That evening, I met back up with ML and Donald and after a light snack of a Christmas tamale, we headed back to the town square to the old cathedral (we’re talking over 500 years), which is now a museum, but was hosting a Christmas concert by the Cuenca International Chorus. This group is composed of English speaking ex-pats from various countries, and they put on quite a wonderful show. For years, vocal concerts were a regular part of my Christmas festivities, and it was really special to be able to enjoy one again. The last few songs were traditional carols, that included the audience singing and lighting candles that we were all given when we came in. At the final song, “Silent Night,” we all filed out of the cathedral with lit candles into the cold night air, to be greeted by the streets lit up with Christmas lights – finally, it felt like Christmas in Ecuador!
The next morning, we went for a walk along the river. Cuenca actually has four rivers running through the city, but the Tomebamba River is the main one that divides the old, colonial Cuenca from the new, modern part of the city. Afterwards, my friends led me back to the flower market that I had remarked about passing on the bus tour the day before. Here we parted ways, and while they did more errands and visiting friends, I enjoyed the rest of the day wandering through the city. I meandered through the streets and back to some of the areas we’d already been to, for further exploration. At one point, I was passing back by the park area and was drawn to the sound of a familiar tune. As I walked into the park to listen, I realized it was coming over a loud speaker system. The scene before me, put to the beautiful background music of, “The Very Thought of You,” was too much not to stop and take it all in. I recorded a small bit of it so you could get a feel for the magic of the moment:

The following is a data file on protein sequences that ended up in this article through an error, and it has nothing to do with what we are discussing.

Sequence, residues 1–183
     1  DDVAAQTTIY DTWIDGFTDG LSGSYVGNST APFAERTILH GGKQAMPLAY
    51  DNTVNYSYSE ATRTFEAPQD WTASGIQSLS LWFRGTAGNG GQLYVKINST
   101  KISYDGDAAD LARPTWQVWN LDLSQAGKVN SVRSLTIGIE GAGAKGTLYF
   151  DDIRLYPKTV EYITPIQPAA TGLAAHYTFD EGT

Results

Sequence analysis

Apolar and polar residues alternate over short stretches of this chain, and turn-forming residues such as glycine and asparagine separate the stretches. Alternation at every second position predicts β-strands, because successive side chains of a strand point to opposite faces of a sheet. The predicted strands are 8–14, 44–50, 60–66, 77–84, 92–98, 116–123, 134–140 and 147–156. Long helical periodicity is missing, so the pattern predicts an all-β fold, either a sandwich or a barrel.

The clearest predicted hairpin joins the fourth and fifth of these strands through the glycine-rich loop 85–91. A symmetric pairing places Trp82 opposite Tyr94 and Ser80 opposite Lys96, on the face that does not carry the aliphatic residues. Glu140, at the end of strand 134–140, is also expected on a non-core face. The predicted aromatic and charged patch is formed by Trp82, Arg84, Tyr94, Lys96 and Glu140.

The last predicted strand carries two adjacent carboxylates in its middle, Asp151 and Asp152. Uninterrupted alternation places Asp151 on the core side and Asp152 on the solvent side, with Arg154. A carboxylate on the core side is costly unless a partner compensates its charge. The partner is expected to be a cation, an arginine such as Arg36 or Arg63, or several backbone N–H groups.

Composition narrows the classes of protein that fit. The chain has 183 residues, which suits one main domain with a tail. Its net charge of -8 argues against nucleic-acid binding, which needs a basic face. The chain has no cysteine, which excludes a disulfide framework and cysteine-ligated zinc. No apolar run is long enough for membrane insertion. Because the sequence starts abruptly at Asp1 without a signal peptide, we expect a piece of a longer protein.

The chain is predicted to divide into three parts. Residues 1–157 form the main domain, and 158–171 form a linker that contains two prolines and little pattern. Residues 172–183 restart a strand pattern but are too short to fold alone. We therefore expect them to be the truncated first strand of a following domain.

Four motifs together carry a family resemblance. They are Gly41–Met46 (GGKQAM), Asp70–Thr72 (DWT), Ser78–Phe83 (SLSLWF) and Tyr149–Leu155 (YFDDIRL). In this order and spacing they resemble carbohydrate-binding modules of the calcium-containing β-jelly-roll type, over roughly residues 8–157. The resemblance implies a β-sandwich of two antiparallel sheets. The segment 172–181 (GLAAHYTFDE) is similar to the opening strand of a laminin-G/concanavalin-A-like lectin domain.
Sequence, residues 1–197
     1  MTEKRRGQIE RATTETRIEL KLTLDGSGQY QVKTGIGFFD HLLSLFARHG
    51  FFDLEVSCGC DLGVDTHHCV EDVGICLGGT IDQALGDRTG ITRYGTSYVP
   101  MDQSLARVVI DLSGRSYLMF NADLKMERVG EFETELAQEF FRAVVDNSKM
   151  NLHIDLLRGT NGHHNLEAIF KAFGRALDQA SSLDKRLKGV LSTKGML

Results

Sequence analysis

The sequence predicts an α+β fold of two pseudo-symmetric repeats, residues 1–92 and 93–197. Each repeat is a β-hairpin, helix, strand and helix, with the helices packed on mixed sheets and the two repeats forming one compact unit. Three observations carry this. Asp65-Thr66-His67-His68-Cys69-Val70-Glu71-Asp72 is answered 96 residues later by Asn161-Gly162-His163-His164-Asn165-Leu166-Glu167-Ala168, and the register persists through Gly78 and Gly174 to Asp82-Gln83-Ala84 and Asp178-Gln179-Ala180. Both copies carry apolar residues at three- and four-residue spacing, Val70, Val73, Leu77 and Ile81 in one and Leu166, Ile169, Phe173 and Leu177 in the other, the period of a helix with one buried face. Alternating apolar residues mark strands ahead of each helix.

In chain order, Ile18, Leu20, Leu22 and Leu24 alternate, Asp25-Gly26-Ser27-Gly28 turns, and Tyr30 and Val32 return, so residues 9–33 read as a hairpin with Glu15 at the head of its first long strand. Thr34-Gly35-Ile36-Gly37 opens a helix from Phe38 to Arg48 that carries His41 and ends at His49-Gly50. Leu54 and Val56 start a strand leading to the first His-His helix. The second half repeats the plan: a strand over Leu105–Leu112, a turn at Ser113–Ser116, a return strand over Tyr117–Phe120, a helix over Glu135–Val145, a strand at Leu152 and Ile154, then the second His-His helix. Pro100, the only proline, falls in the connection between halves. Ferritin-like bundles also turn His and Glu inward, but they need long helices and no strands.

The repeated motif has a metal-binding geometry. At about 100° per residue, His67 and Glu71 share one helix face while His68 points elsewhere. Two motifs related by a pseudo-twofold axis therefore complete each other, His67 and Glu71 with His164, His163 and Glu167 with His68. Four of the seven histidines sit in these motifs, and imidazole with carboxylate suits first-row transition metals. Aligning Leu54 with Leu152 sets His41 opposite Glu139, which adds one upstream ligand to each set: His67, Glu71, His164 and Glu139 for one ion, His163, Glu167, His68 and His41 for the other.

Later that evening, we met back up for a wonderful dinner at a tucked away restaurant that served a variety of tasty fare. My friends enjoyed Thai bowls, while I was enthralled with my chicken pesto sandwich. After dinner, we walked back along the river, taking in the transformation from our views earlier in the day, to a beautifully lit nighttime extravaganza.
The following morning brought more errands for my friends and more wandering for me, before we departed the city nearly 48 hours later than when we’d arrived.
I cannot say enough how much I loved Cuenca! It is a very safe city to walk around in, because everyone else is out walking too. The seemingly endless blocks of coffee houses, bakeries, museums, shops, parks, candy stores, boutiques, churches, etc. are a wanderer’s dream! Strolling along, one can’t help but be drawn to the smells of fresh coffee or baked bread, the occasional music wafting from various stores, or just the people of all walks of life, from casually dressed, to three pieced suits, to indigenous ladies with their long braids, skirts and traditional hats. Cuenca is truly a feast for the senses in every way – the sights, sounds, smells, tastes and feelings of the warm sun, crisp air or rain droplets, all add to the charm of this incredible city. If you can’t already tell, I’m in love with Cuenca – so plan a trip to visit me, and I’ll take you there so you can fall in love with it too!
Below is a slideshow of some more pictures from my visit. If you are receiving my blog by email, click here to view them – I hope you enjoy!